On the Size of a String
July 21, 2011 § Leave a comment
In computer programs, number constants can be interesting and bewildering things. Trying to figure out why one was chosen over another can be really confusing. For a good while I was confused as to why ActiveRecord would set a string attribute to be a VARCHAR(255) in the database. It limits the size of the string attributes to 255 characters long. 256 is a bit more natural when choosing constants in computer science. 255 is commonly used to denoted the last index in a 0-based array of 256 elements. So why 255? The short answer is “because of InnoDB and UTF-8 character sets.”
InnoDB has a limitation on the size of a key for a single column index of 767 bytes. When the table is encoded with a UTF-8 character set, each characters has the possibility of using 3-bytes to represent its intended character. That means in order to be able to fully index a UTF-8 encoded varchar column, the string must be able to be represented in 767 bytes. 767 / 3 = 255 2/3. This means that the largest UTF-8 encoded varchar column can be 255 characters long, hence the ActiveRecord default string attribute size.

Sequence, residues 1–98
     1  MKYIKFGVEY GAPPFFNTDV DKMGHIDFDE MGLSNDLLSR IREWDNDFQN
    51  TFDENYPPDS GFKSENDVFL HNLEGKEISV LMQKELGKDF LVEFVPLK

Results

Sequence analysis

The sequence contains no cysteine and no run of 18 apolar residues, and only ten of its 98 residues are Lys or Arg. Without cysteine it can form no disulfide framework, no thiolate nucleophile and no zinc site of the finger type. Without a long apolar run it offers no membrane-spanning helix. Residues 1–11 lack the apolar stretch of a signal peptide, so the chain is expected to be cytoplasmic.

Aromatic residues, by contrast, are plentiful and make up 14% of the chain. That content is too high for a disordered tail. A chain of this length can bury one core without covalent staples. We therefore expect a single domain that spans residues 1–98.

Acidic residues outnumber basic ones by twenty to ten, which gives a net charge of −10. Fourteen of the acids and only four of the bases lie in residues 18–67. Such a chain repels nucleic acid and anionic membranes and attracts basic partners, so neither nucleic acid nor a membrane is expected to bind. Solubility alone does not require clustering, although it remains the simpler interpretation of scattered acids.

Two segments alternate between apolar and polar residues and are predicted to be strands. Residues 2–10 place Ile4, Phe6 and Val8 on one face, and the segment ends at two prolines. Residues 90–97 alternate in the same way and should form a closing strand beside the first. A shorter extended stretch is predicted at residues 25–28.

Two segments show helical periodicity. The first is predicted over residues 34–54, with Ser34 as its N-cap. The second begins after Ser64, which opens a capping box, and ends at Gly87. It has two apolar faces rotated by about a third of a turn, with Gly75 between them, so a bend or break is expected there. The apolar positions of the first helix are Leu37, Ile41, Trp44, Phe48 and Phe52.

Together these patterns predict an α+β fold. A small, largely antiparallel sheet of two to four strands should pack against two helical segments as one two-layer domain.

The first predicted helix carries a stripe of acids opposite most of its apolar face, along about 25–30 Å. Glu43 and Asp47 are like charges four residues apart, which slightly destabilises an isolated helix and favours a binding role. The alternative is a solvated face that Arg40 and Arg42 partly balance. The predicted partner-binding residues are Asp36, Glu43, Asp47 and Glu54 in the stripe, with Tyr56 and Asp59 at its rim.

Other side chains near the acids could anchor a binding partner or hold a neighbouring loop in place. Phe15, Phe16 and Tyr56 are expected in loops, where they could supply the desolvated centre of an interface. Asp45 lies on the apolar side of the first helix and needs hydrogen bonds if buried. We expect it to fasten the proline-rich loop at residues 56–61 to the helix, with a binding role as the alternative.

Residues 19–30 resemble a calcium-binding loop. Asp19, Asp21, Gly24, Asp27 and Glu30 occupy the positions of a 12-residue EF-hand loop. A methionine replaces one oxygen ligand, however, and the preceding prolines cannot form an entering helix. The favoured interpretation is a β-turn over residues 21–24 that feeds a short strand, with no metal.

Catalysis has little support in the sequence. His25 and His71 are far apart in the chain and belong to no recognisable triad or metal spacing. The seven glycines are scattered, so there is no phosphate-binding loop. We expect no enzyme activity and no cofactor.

Problems on the Way
As bigger and bigger pushes are made for complete internationalization, we’ll see more things encoded with UTF-16 and UTF-32. Characters using these encodings might require up to 4 bytes to represent their value. When this happens, ActiveRecord will need to reduce the size of indexable string attributes to 191 characters.
Here is a truly awesome magic number that seems to come out of no where, 0x5f3759d5.
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